Britain's Prince William interviewed famed broadcaster David Attenborough on Tuesday at the World Economic Forum's annual meeting in Switzerland.

During the sit-down, the 92-year-old naturalist advised the world leaders and business elite gathered in Davos this week that we must respect and protect the natural world, adding that the future of its survival—as well as humanity's survival—is in our hands.

Read More Show Less
EV charging lot in Anaheim, California. dj venus / Flickr / CC BY-ND 2.0

Electric vehicle sales took off in 2018, with a record two million units sold around the world, according to a new Deloitte analysis.

What's more, the accounting firm predicts that another 21 million electric cars will be on the road globally over the next decade due to growing market demand for clean transportation, government subsidies, as well as bans on fossil fuel cars.

Read More Show Less
Sponsored
Teenager Alex Weber and friends collected nearly 40,000 golf balls hit into the ocean from a handful of California golf courses. Alex Weber / CC BY-ND

By Matthew Savoca

Plastic pollution in the world's oceans has become a global environmental crisis. Many people have seen images that seem to capture it, such as beaches carpeted with plastic trash or a seahorse gripping a cotton swab with its tail.

As a scientist researching marine plastic pollution, I thought I had seen a lot. Then, early in 2017, I heard from Alex Weber, a junior at Carmel High School in California.

Read More Show Less
Southwest Greenland had the most consistent ice loss from 2003 to 2012. Eqalugaarsuit, Ostgronland, Greenland on Aug. 1, 2018. Rob Oo / CC BY 2.0

Greenland is melting about four times faster than it was in 2003, a new study published Monday in the Proceedings of the National Academy of Sciences found, a discovery with frightening implications for the pace and extent of future sea level rise.

"We're going to see faster and faster sea level rise for the foreseeable future," study lead author and Ohio State University geodynamics professor Dr. Michael Bevis said in a press release. "Once you hit that tipping point, the only question is: How severe does it get?"

Read More Show Less
Seismic tests are a precursor to offshore drilling for oil and gas. BSEE

Finally, some good news about the otherwise terrible partial government shutdown. A federal judge ruled that the Trump administration cannot issue permits to conduct seismic testing during the government impasse.

The Justice Department sought to delay—or stay—a motion filed by a range of coastal cities, businesses and conservation organizations that are suing the Trump administration over offshore oil drilling, Reuters reported. The department argued that it did not have the resources it needed to work on the case due to the shutdown.

Read More Show Less
Brazil, Pantanal, water lilies. Nat Photos / DigitalVision / Getty Images Plus

Most people have heard of the Amazon, South America's famed rainforest and hub of biological diversity. Less well known, though no less critical, is the Pantanal, the world's largest tropical wetland.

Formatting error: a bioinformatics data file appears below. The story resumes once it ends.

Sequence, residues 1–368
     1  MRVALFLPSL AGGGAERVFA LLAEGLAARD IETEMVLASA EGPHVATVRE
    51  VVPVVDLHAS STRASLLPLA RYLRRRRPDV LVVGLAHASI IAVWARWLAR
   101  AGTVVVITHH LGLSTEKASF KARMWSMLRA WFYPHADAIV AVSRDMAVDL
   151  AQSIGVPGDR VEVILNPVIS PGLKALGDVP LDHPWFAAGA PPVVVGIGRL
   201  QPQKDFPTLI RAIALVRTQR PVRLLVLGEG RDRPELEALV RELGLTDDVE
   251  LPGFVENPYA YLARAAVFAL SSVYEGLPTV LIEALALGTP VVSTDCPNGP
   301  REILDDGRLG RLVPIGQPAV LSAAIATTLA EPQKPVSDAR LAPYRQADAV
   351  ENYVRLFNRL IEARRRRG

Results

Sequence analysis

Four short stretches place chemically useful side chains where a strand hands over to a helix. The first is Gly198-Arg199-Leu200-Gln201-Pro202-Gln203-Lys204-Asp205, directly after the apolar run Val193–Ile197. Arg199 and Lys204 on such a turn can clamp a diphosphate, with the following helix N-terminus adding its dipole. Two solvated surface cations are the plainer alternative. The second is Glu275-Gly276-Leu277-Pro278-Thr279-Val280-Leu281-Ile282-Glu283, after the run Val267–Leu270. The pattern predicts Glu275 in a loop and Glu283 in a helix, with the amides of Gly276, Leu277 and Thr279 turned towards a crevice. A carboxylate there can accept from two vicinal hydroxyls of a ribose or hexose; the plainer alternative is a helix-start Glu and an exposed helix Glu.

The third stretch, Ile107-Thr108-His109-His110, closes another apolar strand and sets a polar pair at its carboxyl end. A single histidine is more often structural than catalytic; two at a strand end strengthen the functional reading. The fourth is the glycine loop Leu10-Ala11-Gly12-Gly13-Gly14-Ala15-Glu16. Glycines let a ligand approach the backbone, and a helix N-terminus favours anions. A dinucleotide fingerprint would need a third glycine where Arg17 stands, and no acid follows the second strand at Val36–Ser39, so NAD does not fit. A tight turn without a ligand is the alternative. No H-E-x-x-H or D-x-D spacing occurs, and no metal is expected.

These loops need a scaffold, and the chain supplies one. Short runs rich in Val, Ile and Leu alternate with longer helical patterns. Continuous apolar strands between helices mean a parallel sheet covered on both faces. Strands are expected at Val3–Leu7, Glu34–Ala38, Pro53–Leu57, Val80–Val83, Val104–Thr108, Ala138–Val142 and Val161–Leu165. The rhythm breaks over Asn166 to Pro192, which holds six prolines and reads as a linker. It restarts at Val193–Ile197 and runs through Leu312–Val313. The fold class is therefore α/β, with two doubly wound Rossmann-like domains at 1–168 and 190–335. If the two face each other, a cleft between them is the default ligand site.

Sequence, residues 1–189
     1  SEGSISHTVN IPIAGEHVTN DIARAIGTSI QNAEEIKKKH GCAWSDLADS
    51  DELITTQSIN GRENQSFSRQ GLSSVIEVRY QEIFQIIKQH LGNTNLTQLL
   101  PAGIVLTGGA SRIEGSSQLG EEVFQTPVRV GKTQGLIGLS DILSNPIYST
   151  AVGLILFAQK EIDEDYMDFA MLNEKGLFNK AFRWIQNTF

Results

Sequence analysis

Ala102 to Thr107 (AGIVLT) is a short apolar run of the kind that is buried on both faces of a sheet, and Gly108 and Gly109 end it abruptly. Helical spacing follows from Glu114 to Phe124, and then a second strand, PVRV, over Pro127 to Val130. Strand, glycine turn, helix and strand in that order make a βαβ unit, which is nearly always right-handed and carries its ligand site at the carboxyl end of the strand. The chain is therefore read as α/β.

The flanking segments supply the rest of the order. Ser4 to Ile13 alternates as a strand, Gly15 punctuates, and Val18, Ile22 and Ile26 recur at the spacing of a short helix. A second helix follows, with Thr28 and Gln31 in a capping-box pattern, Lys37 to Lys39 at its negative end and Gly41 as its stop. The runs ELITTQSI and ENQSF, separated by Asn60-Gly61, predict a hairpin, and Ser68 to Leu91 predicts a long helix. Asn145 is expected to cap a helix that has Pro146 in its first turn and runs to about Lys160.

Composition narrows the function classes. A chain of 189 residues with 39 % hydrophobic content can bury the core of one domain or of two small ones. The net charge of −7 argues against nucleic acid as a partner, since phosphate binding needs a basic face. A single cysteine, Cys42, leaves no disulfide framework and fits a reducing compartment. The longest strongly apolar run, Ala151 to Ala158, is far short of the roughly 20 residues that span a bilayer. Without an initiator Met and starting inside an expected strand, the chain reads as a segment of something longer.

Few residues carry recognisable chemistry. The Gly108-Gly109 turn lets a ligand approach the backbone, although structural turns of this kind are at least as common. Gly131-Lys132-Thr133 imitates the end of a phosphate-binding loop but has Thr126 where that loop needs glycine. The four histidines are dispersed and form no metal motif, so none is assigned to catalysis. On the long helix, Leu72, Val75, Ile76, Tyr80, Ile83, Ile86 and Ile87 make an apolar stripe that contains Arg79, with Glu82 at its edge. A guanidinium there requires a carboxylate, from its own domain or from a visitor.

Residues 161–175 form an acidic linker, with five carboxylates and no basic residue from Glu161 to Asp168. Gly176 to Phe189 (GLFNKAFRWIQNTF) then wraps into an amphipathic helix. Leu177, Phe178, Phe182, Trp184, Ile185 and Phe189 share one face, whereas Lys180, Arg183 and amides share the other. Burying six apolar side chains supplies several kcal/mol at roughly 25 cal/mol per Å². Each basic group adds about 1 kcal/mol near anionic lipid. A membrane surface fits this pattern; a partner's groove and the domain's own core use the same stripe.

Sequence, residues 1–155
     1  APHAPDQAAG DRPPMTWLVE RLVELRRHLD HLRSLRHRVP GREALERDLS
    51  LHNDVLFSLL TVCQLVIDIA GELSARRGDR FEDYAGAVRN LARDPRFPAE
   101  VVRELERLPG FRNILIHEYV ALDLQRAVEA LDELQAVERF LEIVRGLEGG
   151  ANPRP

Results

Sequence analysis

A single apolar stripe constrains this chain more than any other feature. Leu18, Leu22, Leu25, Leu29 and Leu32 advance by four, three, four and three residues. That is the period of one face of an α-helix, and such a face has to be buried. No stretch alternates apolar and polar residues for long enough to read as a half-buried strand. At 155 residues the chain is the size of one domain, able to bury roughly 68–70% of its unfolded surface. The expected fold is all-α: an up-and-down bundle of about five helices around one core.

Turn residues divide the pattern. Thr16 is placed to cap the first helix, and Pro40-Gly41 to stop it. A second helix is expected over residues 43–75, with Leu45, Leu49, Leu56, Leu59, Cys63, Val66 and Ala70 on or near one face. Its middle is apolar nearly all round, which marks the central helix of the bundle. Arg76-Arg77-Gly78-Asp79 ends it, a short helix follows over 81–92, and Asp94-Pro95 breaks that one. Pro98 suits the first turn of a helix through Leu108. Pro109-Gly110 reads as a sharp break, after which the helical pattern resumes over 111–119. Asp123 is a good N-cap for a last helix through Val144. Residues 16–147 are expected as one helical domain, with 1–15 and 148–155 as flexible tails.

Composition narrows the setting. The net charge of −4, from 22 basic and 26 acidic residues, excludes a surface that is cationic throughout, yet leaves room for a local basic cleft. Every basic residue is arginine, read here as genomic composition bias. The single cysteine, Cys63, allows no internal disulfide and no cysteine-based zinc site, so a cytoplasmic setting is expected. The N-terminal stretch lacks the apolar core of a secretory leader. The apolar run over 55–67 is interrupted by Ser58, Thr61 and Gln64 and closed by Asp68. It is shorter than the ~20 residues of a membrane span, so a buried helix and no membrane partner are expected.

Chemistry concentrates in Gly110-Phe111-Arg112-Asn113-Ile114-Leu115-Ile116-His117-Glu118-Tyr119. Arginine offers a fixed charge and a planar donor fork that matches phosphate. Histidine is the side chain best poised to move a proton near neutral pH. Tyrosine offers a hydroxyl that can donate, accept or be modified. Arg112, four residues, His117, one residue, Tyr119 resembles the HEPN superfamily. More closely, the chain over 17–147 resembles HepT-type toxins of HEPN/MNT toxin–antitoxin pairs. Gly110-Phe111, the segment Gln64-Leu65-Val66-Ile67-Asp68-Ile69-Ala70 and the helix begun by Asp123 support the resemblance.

Like the Amazon, the Pantanal is ecologically important and imperiled. Located primarily in Brazil, it also stretches into neighboring Bolivia and Paraguay. Covering an area larger than England at more than 70,000 square miles, the massive wetland provides irreplaceable ecosystem services that include the regulation of floodwaters, nutrient renewal, river flow for navigability, groundwater recharge and carbon sequestration. The wetland also supports the economies of the four South American states it covers.

Read More Show Less
Demonstrators participate in a protest march over agricultural policy on Jan. 19 in Berlin, Germany. Carsten Koall / Getty Images Europe

By Andrea Germanos

Organizers said 35,000 people marched through the streets of the German capital on Saturday to say they're "fed up" with industrial agriculture and call for a transformation to a system that instead supports the welfare of the environment, animals and rural farmers.

Read More Show Less
MarioGuti / iStock / Getty Images

By Patrick Rogers

If you have ever considered making the switch to an environmentally friendly electric vehicle, don't drag your feet. Though EV prices are falling, and states are unveiling more and more public charging stations and plug-in-ready parking spots, the federal government is doing everything it can to slam the brakes on our progress away from gas-burning internal combustion engines. President Trump, likely pressured by his allies in the fossil fuel industry, has threatened to end the federal tax credits that have already helped put hundreds of thousands of EVs on the road—a move bound to harm not only our environment but our economy, too. After all, the manufacturing and sale of EVs, hybrids, and plug-in hybrids supported 197,000 jobs in 2017, according to the most recent U.S. Energy and Employment Report.

Read More Show Less